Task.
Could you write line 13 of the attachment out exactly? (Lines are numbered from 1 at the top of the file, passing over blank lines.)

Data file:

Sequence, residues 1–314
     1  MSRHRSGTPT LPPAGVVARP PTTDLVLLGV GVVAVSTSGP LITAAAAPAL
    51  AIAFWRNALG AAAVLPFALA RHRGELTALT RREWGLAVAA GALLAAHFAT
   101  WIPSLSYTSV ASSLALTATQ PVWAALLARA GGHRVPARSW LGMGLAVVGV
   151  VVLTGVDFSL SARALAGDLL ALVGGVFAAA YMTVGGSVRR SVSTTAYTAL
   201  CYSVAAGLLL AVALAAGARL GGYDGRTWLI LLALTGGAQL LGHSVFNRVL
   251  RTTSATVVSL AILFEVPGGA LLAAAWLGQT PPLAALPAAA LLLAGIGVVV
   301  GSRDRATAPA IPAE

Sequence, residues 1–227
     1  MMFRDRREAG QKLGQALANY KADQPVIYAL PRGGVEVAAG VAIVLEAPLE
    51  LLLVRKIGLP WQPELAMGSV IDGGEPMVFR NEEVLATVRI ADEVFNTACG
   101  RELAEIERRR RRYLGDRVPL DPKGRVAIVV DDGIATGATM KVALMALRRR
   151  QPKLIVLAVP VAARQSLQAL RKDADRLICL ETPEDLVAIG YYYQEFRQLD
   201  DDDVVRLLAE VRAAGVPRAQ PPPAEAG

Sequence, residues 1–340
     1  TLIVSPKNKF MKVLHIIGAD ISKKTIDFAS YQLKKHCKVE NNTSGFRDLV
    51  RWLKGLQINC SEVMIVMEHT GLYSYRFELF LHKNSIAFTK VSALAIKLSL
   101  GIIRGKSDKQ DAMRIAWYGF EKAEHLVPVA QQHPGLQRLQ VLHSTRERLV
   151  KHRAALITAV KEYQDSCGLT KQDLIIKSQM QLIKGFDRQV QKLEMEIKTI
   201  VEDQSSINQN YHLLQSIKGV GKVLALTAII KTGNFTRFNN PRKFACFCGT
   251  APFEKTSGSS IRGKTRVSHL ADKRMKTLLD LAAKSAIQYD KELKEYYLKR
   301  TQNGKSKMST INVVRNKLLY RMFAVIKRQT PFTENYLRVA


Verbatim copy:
   151  QPKLIVLAVP VAARQSLQAL RKDADRLICL ETPEDLVAIG YYYQEFRQLD